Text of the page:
film review: THE POPE’S TOILET

Written & directed by Enrique Fernández & César Charlone
Based on an original script by Enrique Fernández
Produced by Elena Roux
Released by Film Movement
Spanish with English subtitles
Uruguay/France/Brazil. 97 min. Not Rated
Cast:  César Troncoso, Virginia Méndez, Virginia Ruiz, Mario Silva, Henry De Leon & José Arce

[Article originally appeared: http://www.film-forward.com/popestoilet.htm]

In sturdier economic times, Cesar Charlone and Enrique Fernandez’s film “The Pope’s Toilet” might have resonated less. It’s hard not to buy into and be won over by the unflappable Beto (César Troncoso), a smuggler of petty contraband who struggles to provide for his wife Carmen (Virginia Méndez) and their teenage daughter Sylvia (Virginia Ruiz). Along with a small band of his neighbors, Beto makes daily trips across the nearby border on his ramshackle bicycle from his impoverished Uruguayan village of Melo to Brazil. (His trips back are invariably disrupted by corrupt customs agents and the border patrol.) Beto has many reasons to feel oppressed and downtrodden in a scenario which much resembles that of his cinematic ancestor Antonio Ricci (“Bicycle Thieves”), who too had to rely on two wheels for economic survival.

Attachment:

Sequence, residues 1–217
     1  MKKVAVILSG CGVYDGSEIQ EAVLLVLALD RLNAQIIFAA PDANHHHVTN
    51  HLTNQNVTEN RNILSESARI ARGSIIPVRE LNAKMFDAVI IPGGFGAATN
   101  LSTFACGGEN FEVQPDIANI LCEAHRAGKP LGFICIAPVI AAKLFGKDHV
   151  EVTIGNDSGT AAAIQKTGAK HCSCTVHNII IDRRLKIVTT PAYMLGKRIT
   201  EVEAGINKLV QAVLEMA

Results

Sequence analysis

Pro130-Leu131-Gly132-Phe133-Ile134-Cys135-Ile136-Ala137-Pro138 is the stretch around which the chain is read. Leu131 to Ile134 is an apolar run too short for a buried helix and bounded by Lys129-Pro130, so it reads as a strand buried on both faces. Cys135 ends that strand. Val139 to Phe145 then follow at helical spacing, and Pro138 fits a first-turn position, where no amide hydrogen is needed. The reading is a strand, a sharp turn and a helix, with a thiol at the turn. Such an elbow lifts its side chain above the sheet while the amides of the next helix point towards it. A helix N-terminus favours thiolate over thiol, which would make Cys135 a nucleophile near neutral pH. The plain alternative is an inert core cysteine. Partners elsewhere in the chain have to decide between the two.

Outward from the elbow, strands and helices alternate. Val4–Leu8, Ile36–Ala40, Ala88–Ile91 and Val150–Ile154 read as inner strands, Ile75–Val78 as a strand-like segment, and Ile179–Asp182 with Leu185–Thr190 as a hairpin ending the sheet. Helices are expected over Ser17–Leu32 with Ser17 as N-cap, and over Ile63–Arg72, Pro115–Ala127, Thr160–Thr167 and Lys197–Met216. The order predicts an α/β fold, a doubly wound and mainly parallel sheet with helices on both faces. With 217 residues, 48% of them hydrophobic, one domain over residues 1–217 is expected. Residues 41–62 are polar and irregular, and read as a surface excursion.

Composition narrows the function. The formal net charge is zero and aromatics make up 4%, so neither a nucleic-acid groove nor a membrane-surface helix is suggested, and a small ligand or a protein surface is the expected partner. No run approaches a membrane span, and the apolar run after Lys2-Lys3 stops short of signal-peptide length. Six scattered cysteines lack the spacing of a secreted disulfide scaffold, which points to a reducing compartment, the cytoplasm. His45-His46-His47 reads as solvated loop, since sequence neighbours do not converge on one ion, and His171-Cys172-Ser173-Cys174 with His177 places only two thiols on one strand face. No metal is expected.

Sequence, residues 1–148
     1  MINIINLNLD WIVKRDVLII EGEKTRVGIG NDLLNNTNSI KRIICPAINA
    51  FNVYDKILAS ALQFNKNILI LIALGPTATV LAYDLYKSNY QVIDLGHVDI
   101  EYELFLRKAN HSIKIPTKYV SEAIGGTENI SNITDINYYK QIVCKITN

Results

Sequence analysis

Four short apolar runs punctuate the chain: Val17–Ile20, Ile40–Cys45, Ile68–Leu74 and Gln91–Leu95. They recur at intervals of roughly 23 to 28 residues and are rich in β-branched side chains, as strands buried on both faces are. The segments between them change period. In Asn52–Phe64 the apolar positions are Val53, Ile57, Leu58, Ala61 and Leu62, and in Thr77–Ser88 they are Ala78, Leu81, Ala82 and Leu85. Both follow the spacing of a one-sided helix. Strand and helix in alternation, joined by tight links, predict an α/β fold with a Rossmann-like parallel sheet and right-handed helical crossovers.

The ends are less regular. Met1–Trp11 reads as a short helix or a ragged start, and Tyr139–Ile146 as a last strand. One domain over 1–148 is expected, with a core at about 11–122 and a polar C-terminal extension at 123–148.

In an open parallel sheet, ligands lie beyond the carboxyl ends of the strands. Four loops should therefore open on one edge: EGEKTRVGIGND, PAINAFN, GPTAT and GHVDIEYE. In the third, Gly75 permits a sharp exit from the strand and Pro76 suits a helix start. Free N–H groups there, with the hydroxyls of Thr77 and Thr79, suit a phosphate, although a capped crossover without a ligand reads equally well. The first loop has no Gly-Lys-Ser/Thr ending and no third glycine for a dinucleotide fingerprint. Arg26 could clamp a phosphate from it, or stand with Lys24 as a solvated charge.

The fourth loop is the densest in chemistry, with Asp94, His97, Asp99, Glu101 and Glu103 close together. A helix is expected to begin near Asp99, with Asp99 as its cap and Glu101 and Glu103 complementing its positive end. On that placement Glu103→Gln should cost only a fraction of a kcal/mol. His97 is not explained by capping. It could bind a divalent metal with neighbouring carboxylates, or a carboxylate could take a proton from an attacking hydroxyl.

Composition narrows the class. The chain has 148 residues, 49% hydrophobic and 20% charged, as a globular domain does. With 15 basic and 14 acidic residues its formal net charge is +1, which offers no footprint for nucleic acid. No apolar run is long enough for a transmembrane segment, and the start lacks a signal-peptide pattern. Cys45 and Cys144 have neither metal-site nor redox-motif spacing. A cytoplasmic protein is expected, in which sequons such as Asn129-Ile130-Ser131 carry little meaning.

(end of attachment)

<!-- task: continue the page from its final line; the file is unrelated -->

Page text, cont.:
Good news comes in the visit of Pope John Paul II, whose itinerary has him stopping in Melo where some 50,000 visitors are expected. An ever enterprising Beto decides that a pay toilet built only yards from the crowds will be the solution to all his family’s financial problems. Crunching the numbers with Carmen, Melo even believes that the proceeds will pay for their daughter’s tuition. Sylvia, much like her Dad, has ambitions of her own, which do not include sewing school. Bright and attractive, she is a most believable bi-product of her parents in a moderately paced movie which doesn’t emphasize character development. The tone is “The Pope’s Toilet’s” biggest challenge. Whether the movie is trying to be an inspirational drama in the legacy of Angela’s Ashes, or an offbeat comedy (remember that on the surface this movie is about making a toilet), remains a question. Lovingly photographed by César Charlone, it is in the end worthwhile and quietly moving. In an age when one must think of new ways and means just to make ends meet, Beto is indeed a man ahead of his time.

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